- Your application can handle 1 of the servers being down.
- You’re a good DBA so you take hot backups at least once a night.
- You never PURGE MASTER LOGS to a point where a backup can't recover.
- I'm assuming that you already know how to set up a master master config. If not comment and I will post how to, and things to watch out for.
Recover from backup, lets assume your using ibbackup
%> ibbackup --apply-log --use-memory 2000 my.cnf.restore
my.cnf.restore contains the innodb definitions and the location of the backup files.
Once restored INNODB will actually print out the last slave position it was at.
Start the mySQL instance
Perform a change master to, to that last slave position.
VERY IMPORTANT DO NOT and I REPEAT DO NOT set the Active master's replication on the 1st position of the recovered box.
If you’re using an Active Active, Master Master set up then that other box will log slave updates to its binary log and send all events back to the master that is still up. Additionally mySQL will not append the server-id of the last master to process the event, so there is a way to produce infinite loops of SQL statements.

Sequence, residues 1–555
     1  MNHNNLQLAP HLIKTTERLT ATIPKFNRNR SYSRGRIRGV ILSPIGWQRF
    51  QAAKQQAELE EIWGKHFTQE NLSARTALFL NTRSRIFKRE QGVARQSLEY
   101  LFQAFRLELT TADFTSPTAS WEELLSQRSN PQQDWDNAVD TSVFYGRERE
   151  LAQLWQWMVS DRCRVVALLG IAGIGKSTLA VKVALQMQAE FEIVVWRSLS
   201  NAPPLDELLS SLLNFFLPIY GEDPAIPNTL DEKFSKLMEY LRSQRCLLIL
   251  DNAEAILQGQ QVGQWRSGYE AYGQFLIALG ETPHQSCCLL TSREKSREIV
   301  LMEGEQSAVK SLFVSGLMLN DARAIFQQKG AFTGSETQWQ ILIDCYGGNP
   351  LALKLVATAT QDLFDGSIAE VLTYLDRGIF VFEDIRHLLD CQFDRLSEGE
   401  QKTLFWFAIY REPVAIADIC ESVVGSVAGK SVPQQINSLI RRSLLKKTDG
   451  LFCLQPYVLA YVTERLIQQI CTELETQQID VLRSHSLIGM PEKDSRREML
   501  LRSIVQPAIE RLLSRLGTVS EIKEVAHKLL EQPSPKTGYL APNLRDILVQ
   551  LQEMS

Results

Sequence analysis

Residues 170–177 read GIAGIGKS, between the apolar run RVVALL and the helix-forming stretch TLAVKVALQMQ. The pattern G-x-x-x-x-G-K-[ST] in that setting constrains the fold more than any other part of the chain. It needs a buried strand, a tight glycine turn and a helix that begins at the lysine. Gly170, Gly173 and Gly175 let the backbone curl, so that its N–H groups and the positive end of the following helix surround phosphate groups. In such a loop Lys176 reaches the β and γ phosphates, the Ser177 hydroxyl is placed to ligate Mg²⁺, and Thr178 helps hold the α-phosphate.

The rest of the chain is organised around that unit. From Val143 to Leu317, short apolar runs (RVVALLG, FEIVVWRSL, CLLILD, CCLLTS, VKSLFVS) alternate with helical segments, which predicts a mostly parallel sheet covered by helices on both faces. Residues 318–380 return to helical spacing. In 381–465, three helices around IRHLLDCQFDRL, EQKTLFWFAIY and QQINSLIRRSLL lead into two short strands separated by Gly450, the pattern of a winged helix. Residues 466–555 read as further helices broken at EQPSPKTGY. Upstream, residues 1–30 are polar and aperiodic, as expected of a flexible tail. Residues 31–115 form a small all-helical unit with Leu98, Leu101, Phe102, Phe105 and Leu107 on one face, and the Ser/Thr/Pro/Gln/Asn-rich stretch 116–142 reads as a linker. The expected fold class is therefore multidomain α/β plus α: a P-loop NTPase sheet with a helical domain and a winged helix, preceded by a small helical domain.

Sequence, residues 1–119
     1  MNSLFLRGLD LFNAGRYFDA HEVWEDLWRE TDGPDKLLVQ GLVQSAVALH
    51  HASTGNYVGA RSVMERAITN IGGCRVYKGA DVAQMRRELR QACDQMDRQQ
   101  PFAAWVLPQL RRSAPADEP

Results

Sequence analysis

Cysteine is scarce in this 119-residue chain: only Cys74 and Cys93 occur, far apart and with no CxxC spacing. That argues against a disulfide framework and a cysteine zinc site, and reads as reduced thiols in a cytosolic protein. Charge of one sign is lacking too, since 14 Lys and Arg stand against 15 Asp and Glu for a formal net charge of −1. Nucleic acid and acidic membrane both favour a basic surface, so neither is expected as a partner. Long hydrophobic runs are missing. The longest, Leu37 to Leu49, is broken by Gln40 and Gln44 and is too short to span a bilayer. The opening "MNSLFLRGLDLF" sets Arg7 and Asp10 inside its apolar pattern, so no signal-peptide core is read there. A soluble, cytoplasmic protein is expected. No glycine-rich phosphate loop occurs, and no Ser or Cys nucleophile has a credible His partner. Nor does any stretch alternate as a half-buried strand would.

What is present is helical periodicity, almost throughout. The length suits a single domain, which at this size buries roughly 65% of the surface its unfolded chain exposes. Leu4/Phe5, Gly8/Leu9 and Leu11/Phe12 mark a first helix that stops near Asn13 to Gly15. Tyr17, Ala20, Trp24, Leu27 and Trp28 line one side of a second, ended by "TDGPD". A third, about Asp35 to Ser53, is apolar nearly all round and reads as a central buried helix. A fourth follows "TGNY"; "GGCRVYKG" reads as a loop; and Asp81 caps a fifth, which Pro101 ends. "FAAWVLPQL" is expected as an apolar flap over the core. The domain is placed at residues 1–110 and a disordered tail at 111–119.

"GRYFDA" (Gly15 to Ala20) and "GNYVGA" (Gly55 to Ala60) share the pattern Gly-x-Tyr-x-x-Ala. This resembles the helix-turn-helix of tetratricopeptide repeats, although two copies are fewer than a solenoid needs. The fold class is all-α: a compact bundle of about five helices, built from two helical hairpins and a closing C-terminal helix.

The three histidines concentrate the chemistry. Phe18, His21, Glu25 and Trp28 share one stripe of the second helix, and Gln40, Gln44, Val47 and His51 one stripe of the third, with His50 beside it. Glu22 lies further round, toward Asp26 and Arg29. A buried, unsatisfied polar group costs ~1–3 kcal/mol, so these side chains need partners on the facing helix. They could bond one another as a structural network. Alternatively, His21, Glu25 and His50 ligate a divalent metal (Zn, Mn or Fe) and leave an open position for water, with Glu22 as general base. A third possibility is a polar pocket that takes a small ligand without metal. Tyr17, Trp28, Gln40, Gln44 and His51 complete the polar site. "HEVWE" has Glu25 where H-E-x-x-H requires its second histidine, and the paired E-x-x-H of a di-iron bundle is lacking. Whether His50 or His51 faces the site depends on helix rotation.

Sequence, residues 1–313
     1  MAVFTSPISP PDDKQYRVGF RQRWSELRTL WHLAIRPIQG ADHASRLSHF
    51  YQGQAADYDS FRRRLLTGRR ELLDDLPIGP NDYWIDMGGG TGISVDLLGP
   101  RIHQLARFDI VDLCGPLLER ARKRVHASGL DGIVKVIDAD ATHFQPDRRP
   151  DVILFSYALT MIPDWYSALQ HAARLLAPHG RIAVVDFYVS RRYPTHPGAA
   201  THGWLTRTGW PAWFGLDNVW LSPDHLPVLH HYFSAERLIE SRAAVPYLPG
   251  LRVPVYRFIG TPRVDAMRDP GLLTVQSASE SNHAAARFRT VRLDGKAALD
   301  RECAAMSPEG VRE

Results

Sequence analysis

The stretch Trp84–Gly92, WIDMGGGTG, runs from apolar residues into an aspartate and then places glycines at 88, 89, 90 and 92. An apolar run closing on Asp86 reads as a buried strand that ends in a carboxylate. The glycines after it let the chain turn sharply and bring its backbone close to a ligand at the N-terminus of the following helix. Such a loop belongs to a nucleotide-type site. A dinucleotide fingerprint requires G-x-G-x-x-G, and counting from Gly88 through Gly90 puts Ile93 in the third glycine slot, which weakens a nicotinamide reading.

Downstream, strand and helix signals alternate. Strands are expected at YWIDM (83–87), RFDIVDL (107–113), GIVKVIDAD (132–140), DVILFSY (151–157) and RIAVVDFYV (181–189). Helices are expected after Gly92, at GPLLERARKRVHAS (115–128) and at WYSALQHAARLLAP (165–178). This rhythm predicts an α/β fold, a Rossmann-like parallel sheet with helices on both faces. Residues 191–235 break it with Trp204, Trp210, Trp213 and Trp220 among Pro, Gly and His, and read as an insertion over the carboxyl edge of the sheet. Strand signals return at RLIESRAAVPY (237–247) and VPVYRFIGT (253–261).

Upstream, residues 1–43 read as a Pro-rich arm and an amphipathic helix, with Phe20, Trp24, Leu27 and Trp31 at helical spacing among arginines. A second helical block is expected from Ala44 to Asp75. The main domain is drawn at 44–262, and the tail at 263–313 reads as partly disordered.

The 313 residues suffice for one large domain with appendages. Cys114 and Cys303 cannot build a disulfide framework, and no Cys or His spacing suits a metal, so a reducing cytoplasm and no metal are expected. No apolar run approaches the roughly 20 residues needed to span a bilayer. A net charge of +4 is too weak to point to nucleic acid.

Below is how to do so.
#060922 9:29:31 server id 14221485 log_pos 263789 Query thread_id=101364349 exec_time=0 error_code=0
Above is a dump of some header information that is put into a binary log tracking the server id of the original event. Now let’s say the server with the server id above died, and you brought up a new server with a new server id. If this event is put into a replication ring, prior to all server-id 14221485 finishing on the new Master, then ALL these events are sent back to the master that did not go down, the active Master. Then the active master sends this same event with the same server-id of the original event back to the passive master producing an infinite loop.
Really mySQL should append all server ids that processed the event to this header to prevent loops. But, this does not exist so... just follow the procedure below and you don't have to worry about it.
- Recover from backup
- Turn the recovered box into a slave of the master that is still up
- Let it catch up
- Once catched up on the passive active master, FLUSH MASTER LOGS, then PURGE MASTER LOGS TO the new file
- On the active master CHANGE MASTER TO the new MASTER HOST, and the NEW MASTER Log, and the NEW MASTER Position
- Perform an event that will replicate on the active master, make sure the event took and is logged to the passive masters binary log.
- Perform an event that will replicate on the passive master, make sure the event took and is logged in the active masters binary log.
- Put the new MASTER in production.